The UK's biggest coal producer said yesterday that it had almost trebled interim pre-tax profits as its move into property development helped to offset continued declines in deep mining.

UK Coal reported a loss of £15.3 million in its deep mining division in the first half of the year, hit by a halt in production at its Daw Mill mine in the West Midlands.

However, the company said the mining business had now picked up and new chief executive Jon Lloyd was bullish about its long-term prospects.

"We see deep mining staying in profit for the second half and way beyond that," he said yesterday.

Losses widened after a production shutdown at the Daw Mill pit but returned to a profit in June. Output from Daw Mill was suspended from January until May following a fatal accident.

Offsetting the deep mining losses was the profitable property business, which specialises in developing land around former mines for both commercial and residential use.

The group banked a pre-tax profits haul of £54 million in its property arm, which helped see group-wide profits rocket by 143 per cent to £40.6 million from £16.7 million last year.

The value of its property portfolio grew 16 per cent to £398 million, helped by significant progress in planning consent. The company added 11 sites to its portfolio in the first half, bringing the total to 71, and said it expected to develop a small number of additional sites in the second half.

Surface mining, or opencasting, achieved a profit of £4.5 million, compared with £1.2 million last time, on an output of 700,000 tonnes.

Mr Lloyd said production from the surface mines was expected to reach 1.5 million tonnes this year, up from 570,000 tonnes in 2006, and would continue to grow to about two million tonnes a year.

The group, which said it was looking forward to the future with confidence, is also involved in power generation, some of it through wind farms.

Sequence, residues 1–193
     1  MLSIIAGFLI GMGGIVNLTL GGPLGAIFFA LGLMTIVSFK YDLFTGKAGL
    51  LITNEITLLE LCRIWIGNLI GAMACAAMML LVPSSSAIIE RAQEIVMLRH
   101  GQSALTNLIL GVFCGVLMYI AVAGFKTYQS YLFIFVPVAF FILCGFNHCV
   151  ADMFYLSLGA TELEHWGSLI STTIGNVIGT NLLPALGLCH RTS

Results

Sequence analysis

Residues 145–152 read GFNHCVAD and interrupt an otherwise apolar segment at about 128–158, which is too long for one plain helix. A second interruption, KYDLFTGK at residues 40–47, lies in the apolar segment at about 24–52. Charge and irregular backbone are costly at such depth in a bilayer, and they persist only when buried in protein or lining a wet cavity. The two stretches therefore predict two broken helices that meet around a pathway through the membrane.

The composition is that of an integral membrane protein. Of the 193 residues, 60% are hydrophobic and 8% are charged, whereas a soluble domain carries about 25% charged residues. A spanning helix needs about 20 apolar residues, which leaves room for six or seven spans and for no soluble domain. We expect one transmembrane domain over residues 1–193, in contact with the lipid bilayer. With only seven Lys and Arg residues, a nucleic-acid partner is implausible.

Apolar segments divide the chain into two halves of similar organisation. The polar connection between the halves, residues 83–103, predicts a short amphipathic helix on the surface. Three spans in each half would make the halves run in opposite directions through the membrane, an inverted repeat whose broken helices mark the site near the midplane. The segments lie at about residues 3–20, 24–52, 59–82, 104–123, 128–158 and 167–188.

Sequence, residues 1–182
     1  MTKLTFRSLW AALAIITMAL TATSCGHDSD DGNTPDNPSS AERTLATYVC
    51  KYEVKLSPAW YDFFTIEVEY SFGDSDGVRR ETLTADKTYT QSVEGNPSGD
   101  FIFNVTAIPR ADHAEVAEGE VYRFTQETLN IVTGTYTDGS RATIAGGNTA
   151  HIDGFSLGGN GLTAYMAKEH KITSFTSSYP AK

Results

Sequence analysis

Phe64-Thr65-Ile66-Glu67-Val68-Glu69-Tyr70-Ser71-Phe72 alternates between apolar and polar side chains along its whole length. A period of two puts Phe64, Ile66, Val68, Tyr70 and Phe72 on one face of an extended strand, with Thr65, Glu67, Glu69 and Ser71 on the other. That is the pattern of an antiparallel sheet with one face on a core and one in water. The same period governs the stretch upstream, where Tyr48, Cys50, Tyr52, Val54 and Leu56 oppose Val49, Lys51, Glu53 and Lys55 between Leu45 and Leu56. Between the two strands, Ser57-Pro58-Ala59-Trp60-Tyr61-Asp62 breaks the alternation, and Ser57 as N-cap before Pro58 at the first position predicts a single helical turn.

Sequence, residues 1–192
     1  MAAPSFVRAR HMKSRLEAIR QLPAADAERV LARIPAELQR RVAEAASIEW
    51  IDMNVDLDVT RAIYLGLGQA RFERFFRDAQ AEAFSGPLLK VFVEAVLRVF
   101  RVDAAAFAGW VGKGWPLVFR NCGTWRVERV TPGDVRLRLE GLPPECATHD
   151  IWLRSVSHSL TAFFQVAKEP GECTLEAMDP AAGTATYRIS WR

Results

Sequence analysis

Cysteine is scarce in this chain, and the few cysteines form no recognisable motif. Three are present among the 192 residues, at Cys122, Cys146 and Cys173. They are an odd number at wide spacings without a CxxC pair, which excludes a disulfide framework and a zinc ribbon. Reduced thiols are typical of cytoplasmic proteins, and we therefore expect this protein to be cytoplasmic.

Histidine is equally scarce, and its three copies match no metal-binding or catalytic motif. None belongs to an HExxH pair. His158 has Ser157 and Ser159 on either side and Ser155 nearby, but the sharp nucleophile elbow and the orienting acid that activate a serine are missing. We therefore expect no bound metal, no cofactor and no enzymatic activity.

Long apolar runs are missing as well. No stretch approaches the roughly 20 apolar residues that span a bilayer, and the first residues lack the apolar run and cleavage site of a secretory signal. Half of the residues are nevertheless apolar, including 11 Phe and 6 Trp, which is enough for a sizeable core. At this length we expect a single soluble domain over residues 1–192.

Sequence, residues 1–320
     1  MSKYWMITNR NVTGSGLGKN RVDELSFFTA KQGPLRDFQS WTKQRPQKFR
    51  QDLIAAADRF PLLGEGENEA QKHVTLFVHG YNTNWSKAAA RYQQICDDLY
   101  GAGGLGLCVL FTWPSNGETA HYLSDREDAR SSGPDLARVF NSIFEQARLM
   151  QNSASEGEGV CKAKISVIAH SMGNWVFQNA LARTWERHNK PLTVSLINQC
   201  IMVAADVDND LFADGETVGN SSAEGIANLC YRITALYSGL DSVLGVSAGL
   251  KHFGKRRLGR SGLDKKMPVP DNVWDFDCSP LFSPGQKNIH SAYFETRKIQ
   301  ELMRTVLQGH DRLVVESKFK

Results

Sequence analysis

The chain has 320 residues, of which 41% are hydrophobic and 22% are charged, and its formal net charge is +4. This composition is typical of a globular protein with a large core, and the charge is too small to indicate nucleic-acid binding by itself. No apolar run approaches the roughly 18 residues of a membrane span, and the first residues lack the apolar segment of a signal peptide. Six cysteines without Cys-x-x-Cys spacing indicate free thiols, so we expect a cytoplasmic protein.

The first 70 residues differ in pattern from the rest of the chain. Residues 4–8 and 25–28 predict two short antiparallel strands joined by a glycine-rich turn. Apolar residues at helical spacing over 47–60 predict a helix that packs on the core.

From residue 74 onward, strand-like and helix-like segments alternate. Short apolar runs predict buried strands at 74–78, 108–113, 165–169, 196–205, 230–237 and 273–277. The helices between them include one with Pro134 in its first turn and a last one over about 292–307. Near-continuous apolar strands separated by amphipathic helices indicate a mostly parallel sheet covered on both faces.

The side of the business, which has 29 MW of installed generation capacity, made a £2 million profit and the group said it now wanted to add a further 25 MW of wind turbine generated power.

UK Coal said its deep mines had been generating operating profit since June, helped by "new contracts at today's much higher world market prices".

The company has long-standing contracts to deliver coal at prices that are around 20 per cent below the current market.

UK Coal, which is using cash to invest in the core business rather than pay dividends, said in July it was raising its estimate of the value of its land and property portfolio in 2012 by 12.5 per cent to £900 million.

"We continue to identify new opportunities and to make very good progress in securing the appropriate planning consents," the group said yesterday, adding net assets per share were 32 per cent higher year-on-year at 206 pence at the end of June.

Since the end of June the company has renegotiated its funding package but it said it had felt no impact from the credit crunch and that its banking relationships had not been affected.

Finance director Chris Mawe said he had achieved what he had set out to do at UK Coal when joining in March 2004. He said he expected to take up a new job shortly.

Seymour Pierce analyst Charles Kernot said that with UK Coal "working hard on the property side of the equation", he was reiterating his "buy" rating on the company's stock.